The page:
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Continuously deploying your (free) OpenShift site with Travis CI

The LibertyJS website is hosted on RedHat’s OpenShift, which is essentially RedHat Heroku. Meaning, it’s really easy to define a language, push to a git remote, and voila! There’s your website. Plus, you know, free (ish).

While that’s certainly fantastic, getting pull requests, merging, but then having to do a repetitive process of “git fetch && git rebase origin/master && grunt build …” got old.

Enter: Travis CI!

Travis CI is a continuous integration tool that is kind of stupidly easy to use (well, almost, we’ll see). The ‘.org’ version is free for open source projects (like LibertyJS), while ‘.com‘ is for private repositories.

Travis CI + OpenShift

OpenShift has an ALMOST perfect guide to deploying on TravisCI, but here’s what I did, starring the key “AHA!” moment.

  1. OpenShift project was already created (the rhc gem walks you through that)
  2. I needed to make my membership in LibertyJS public, so that Travis could see the project when I logged in
  3. Turned ‘on’ Travis for the project from the profile page ([your github name])
  4. Added a .travis.yml to the project, specify language and version
  5. Travis runs my tests, YAY!
  6. Ran ‘travis setup openshift’, which takes you through a convenient “what’s your username/password” walk through and drops in the deploy information
  7. Set up my “after_success” steps to do exactly what I was doing locally to deploy
  8. Flail violently when it doesn’t work
  9. ****Discover that when Openshift says “domain,” they don’t mean the domain where the app lives, they mean the domain, like the user namespace where that url comes from (in my case, project name is libertyjs, domain is pselle)****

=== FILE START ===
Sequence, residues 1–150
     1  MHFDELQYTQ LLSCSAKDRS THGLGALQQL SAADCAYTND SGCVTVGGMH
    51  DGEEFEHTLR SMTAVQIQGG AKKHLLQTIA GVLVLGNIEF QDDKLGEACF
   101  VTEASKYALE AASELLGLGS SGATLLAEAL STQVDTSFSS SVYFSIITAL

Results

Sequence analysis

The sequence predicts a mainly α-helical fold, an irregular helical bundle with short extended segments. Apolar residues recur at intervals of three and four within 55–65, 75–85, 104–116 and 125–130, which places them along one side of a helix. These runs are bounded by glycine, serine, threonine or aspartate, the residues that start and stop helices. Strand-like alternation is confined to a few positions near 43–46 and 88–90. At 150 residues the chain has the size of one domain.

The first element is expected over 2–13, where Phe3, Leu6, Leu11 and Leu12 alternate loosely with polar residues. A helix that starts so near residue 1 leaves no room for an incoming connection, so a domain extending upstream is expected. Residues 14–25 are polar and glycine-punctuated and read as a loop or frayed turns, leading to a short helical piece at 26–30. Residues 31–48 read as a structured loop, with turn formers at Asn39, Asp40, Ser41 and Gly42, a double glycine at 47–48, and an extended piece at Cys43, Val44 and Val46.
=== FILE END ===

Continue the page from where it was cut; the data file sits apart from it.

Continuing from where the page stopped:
And here’s the way I figured it out: I searched for provider: openshift on github (since I knew something was wrong with the deploy line from the failures in Travis) to see wth OpenShift meant by “domain.” I also learned a good number of folk didn’t encrypt their passwords … eep!

So painful, but definitely a worthy learning experience, if I did feel a little dumb for being unable to figure it out for a while.

8 Replies to “Continuously deploying your (free) OpenShift site with Travis CI”

  1. Hi there

    Good article. I had exactly the same arms-flailing with the domain stuff. How do you go about giving your OpenShift releases a version number? I was hoping to do my releases from a tag like I do with npm releases, but the robots seems to refuse to bend to my will.



      1. That would work, but one has to remember to bump the version number before pushing the release and you’re soon into territory whereby you might as well not bothered with automated deployment. And besides, if you create your tags with npm version, it does bumps the version number and tag it for you.

        I suspect there will be a solution (I eventually found it with npm – so I will perservere.

        One thing I did notice though – if OpenShift fails to start the process, Travis doesn’t mark this as a failed build. Look at line 1,439 onwards on OS marks as failed, but Travis says “thanks, I’m happy”


        1. ah ah, yes you meant versioning by the robots, which yes I am way in favor of. What in your travis does it via npm? The provider: line? Very interesting.

          Ooh, and application failed to start should totally be a non-zero exit on OpenShift’s part. That might be worth raising with them.

  2. Hi Pam, thanks for mentioning that “domain” means a different thing for Travis CI / OpenShift. I tried it a thousand times with “” but it was always failing. Because of your blog post I entered “xyz” and tada! Success! 🙂

        1. Hey Rich. Two things:

          Visiting your site looks like a redirect loop? Something is up in general there.

          I don’t see anything here: about before_deploy, but I’m sure it’s a real thing.

          Sorry I can’t be of more help, I’m mostly thrilled in general when Travis “just works.” I also haven’t seen someone use two different providers in one Travis instance, that’s new to me/didn’t know you could do that

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